A new survey is pointing to gaps in effort to scale up the country’s Financial Inclusion initiative.
According to a survey while more Nigerian adults are financially included, National Financial Inclusion Strategy targets are yet to be met.
Oriental News Nigeria, reports that though the financial inclusion has grown in the past decade, Nigeria fell short of the National Financial Inclusion Strategy targets for 2020.
The country had targeted to reach 70 per cent of Nigerians with formal financial services by 2020 but the actual figure was 51 per cent.
It however showed that efforts of the Central Bank of Nigeria to drive financial inclusion across the nation is yielding result, because currently over 50 percent of Nigerian adults are using formal (regulated) financial services.
The revelations were made public during Enhancing Financial Innovation and Access, EFInA’s, Access to Financial Services in Nigeria 2020 Survey launch, yesterday.
The survey also disclosed growth in digital financial services and agent banking highlights opportunities to drive faster progress toward financial inclusion, particularly for excluded groups such as women, rural and Northern Nigerians.
As it stands, “51 percent of Nigerian adults are using formal financial services, such as bank, microfinance bank, mobile money, insurance, or pension accounts, up from 49 percent in 2018.
“This has largely been driven by growth in banking, with 45 percent of Nigerians banked in 2020, up from 40 percent in 2018.
“Although financial inclusion has grown in the past decade, Nigeria fell short of the National Financial Inclusion Strategy targets for 2020.
“Nigeria had aimed to reach 70 per cent of Nigerians with formal financial services by 2020; the actual figure was 51 per cent
“The strategy also set targets for overall financial inclusion, which counts Nigerians that use either formal financial services or informal financial services that are not nationally regulated, such as savings groups.”
Speaking during the launch, the Deputy Governor, Financial Systems Stability (FSS), CBN, Aishah Ahmad, stated that “financial inclusion … is a strong lever for bridging income inequality, combating poverty and preserving social harmony.
“The CBN has accordingly been at the forefront of the efforts to drive financial inclusion in Nigeria by championing the development & implementation of Nigeria’s National Financial Inclusion Strategy led by the CBN Governor.”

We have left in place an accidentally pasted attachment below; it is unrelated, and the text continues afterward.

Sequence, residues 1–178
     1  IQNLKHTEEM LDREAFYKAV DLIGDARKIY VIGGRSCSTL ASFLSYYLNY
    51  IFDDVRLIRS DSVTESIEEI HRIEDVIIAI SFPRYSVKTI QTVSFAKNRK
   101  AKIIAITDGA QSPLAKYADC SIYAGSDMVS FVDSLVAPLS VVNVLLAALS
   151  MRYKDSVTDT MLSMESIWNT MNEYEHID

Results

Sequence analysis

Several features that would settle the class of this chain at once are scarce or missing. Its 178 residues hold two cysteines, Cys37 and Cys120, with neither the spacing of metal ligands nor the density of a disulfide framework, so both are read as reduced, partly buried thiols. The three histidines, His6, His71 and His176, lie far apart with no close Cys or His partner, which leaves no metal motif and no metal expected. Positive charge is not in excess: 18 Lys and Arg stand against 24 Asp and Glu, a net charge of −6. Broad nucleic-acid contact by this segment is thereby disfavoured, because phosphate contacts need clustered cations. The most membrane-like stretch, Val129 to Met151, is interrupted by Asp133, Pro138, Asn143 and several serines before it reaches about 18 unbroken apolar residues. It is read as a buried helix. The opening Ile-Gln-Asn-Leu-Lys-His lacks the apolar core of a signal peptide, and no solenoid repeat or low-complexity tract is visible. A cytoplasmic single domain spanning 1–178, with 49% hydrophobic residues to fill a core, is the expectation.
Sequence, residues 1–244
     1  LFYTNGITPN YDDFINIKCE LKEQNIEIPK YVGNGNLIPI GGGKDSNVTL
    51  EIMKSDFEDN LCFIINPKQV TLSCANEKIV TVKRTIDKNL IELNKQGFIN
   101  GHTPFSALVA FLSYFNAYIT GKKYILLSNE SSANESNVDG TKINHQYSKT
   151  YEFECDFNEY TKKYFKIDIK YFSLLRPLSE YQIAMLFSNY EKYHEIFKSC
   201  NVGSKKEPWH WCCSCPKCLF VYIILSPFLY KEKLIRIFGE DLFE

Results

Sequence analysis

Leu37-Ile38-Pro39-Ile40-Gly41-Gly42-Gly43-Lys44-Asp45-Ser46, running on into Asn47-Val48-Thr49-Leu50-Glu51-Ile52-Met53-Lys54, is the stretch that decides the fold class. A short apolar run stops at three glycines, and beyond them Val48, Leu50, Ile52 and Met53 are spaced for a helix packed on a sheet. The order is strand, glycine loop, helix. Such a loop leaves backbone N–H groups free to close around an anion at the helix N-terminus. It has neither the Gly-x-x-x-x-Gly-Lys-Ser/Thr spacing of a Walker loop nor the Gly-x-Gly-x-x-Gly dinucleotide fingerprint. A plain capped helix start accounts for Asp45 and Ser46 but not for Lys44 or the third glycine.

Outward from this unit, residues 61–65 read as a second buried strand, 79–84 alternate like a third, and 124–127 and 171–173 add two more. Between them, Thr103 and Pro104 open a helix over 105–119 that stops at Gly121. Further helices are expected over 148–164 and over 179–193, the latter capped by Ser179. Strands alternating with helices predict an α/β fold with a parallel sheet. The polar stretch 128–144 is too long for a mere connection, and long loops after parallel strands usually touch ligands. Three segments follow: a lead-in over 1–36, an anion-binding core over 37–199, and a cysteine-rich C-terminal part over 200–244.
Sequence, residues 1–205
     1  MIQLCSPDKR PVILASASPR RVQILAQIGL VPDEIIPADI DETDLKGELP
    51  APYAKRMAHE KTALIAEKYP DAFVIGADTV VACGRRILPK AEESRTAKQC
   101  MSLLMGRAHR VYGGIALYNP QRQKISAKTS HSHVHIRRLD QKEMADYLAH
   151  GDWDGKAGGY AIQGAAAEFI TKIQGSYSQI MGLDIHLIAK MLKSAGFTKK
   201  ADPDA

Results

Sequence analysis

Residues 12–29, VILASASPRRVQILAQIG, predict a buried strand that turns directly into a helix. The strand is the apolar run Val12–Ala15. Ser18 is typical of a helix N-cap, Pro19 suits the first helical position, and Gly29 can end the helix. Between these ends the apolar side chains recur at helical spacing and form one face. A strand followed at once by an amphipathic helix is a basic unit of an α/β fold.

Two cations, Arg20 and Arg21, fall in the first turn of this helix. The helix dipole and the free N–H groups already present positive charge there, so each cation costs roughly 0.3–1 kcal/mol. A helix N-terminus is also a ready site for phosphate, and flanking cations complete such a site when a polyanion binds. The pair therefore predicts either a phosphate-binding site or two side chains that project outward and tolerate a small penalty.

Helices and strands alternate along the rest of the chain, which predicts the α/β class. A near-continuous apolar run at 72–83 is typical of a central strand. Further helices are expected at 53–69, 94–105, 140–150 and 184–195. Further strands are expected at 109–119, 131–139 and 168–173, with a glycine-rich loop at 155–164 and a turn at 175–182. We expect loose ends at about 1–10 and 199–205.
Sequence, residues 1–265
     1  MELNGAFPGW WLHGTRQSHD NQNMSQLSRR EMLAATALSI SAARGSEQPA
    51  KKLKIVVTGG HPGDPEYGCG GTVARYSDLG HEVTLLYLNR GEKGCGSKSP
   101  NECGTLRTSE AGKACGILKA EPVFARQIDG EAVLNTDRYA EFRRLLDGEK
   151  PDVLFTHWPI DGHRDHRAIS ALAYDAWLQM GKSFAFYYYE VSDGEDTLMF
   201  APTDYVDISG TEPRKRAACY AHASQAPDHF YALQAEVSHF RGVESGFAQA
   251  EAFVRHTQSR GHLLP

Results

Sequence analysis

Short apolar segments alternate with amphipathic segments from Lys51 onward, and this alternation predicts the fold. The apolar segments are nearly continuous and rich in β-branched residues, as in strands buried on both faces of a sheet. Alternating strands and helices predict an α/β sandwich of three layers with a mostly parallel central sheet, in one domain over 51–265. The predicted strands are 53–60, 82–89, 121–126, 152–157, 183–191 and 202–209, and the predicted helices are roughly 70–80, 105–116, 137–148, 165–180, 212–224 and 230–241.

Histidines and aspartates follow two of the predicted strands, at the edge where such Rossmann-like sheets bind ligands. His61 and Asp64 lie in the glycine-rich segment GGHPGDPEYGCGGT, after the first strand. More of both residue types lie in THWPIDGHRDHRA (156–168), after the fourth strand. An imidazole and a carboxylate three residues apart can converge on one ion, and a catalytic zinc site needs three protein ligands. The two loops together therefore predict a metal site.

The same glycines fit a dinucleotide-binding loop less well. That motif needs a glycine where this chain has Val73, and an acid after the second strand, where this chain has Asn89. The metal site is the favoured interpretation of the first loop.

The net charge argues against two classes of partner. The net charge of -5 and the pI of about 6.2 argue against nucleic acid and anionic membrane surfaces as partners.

Ahmad noted that, “Despite progress achieved to date, critical groups remained excluded including women, rural dwellers and citizens in the northern area.
“To address the issue with women, CBN launched a Framework for Advancing Women’s Financial Inclusion in Nigeria in 2020 and is leading the industry to implement the framework, which we expect to lead to significant increase in women financial inclusion in Nigeria.”
The Chief Executive Officer, EFInA, Ashley Immanuel, said, “At our current rate of progress, we will not reach the 2020 financial inclusion targets until around 2030. However, we can reach these targets much faster if we follow paths taken by other African countries that have seen rapid financial inclusion growth due to mobile money.
“EFInA’s Access to Financial Services in Nigeria Surveys show that use of digital financial services and agent networks started to grow significantly between 2018 and 2020.
“Phone ownership has also increased, with 81 per cent of Nigerians now owning mobile phones. Now is the time to build on this initial progress and drive faster financial inclusion growth through digital financial services such as mobile money.
“We can do this by creating an open and level playing field for a wide range of providers, creating the right environment for fintech to thrive, and encouraging partnerships between different providers.”
Gail Warrander, Economic Development Team Leader, Nigeria for the UK’s Foreign, Commonwealth & Development Office, remarked that “The EFInA Access to Financial Services in Nigeria 2020 Survey shows that Nigeria has made progress on financial inclusion but there’s still a way to go.
“The report models how the journey to the financial inclusion goal can be speeded up by encouraging the scale up of mobile money. I firmly believe that the majority of those excluded, especially women and youth, could then enjoy the convenience of financial services, including using remote payments systems. This survey is full of rich data for policy makers, development partners and financial services companies to use.”